Comparative study of preterm infants fed new and existing human milk fortifiers showed favourable markers of gastrointestinal status.Acta Paediatr. 2020 03; 109(3):527-533.AP
This study examined the influence of different human milk fortifiers on biomarkers of gastrointestinal immaturity and inflammation in preterm infants.
We report secondary outcomes from a controlled, double-blind, randomised, parallel group study conducted from 2011 to 2014 in neonatal intensive care units at 11 metropolitan hospitals in France, Belgium, Germany, Switzerland and Italy. Preterm infants born at up to 32 weeks or weighing up to 1500 g were randomised to a new powdered human milk fortifier (n = 77) or a control fortifier (n = 76) for a minimum of 21 days. We analysed faecal markers of gut inflammation, namely alpha-1 antitrypsin and calprotectin, and maturity, namely elastase-1.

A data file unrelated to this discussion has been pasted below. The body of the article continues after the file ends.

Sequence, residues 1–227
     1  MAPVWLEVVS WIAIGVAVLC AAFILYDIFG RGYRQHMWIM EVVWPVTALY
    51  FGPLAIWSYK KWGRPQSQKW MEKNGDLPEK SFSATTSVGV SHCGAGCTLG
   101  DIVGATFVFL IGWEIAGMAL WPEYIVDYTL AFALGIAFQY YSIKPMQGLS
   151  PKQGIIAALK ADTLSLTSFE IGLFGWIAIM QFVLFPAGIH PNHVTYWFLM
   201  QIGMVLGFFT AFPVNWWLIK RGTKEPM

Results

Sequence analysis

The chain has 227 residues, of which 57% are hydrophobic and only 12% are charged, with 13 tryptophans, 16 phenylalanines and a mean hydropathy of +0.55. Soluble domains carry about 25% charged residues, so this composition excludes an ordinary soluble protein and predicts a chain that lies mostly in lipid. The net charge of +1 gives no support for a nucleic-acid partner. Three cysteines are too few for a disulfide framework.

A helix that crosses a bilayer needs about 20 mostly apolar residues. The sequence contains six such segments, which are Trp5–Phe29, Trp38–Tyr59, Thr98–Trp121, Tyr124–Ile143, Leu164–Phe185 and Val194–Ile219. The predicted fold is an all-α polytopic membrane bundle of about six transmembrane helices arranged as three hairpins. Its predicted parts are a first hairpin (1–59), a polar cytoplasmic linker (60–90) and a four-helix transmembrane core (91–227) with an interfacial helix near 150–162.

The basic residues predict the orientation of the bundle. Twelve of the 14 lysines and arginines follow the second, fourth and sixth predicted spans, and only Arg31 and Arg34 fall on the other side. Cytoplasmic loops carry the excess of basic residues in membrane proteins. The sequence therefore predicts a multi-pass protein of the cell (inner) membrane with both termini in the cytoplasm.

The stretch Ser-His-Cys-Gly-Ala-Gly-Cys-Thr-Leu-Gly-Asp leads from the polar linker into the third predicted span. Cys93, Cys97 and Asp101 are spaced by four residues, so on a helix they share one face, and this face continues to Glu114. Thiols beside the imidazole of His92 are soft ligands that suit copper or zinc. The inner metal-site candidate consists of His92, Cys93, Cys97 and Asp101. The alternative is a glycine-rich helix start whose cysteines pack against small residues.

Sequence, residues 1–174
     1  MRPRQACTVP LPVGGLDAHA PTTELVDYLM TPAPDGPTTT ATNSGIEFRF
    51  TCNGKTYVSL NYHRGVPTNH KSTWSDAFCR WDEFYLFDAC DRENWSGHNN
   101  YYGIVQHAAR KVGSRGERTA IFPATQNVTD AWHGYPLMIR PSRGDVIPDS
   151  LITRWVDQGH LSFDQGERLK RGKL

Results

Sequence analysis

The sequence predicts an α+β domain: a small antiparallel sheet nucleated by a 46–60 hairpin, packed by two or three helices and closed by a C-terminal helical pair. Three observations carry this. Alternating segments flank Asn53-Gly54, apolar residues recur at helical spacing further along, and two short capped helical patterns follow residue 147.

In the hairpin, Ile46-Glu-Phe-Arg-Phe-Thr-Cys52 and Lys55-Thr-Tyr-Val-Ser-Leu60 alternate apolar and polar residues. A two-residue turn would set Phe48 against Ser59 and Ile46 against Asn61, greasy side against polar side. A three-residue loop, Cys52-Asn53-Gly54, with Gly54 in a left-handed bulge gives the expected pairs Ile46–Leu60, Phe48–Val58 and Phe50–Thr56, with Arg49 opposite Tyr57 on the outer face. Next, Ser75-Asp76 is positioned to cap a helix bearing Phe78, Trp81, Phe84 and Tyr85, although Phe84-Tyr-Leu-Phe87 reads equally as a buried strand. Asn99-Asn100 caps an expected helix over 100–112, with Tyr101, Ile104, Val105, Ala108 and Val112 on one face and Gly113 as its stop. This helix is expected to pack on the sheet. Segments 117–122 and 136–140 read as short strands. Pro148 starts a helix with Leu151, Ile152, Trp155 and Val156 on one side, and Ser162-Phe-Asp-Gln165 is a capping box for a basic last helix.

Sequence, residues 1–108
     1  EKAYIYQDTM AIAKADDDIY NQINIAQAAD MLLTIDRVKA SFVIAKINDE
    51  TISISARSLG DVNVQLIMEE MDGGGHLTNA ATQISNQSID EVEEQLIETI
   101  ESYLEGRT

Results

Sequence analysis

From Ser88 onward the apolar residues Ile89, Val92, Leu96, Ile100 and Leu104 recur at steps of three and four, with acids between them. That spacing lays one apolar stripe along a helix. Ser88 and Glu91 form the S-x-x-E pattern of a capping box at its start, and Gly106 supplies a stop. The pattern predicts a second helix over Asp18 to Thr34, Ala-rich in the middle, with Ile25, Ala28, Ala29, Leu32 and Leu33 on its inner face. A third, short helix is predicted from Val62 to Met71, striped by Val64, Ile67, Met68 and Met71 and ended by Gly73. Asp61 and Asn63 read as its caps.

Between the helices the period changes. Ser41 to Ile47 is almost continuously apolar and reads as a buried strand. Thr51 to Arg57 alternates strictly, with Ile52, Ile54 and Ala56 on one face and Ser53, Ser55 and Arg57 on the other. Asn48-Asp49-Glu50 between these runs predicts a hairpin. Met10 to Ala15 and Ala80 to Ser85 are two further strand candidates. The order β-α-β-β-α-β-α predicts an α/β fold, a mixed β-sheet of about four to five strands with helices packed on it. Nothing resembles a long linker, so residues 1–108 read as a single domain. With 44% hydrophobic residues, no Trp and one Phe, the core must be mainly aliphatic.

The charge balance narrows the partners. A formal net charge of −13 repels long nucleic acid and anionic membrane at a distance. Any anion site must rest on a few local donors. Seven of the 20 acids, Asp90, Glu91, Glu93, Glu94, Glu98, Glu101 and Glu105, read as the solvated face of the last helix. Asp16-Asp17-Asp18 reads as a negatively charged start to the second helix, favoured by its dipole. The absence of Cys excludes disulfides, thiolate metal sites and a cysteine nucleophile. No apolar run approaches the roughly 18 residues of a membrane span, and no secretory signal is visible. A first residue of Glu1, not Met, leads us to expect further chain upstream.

Faecal alpha-1 antitrypsin was slightly lower in the new than control fortifier group after 21 days of full enteral feeding, with a geometric mean and standard deviation of 1.52 ± 1.32 vs 1.82 ± 1.44 mg/g stools (P = .01). There was no significant difference in faecal calprotectin (median [Q1-Q3] of 296 [136-565] μg/g stools in both groups combined at study day 21). Faecal elastase-1 was lower in the new fortifier than control fortifier group (202.5 ± 1.6 vs 257.7 ± 1.5 μg/g stools, P = .016).
Mean values for each parameter were within the ranges in healthy term infants, indicating favourable markers of gastrointestinal status in both groups. In addition, for faecal calprotectin, the relatively high concentration observed in preterm infants fed fortified human milk suggests that the threshold level for detecting necrotising enterocolitis should be revised.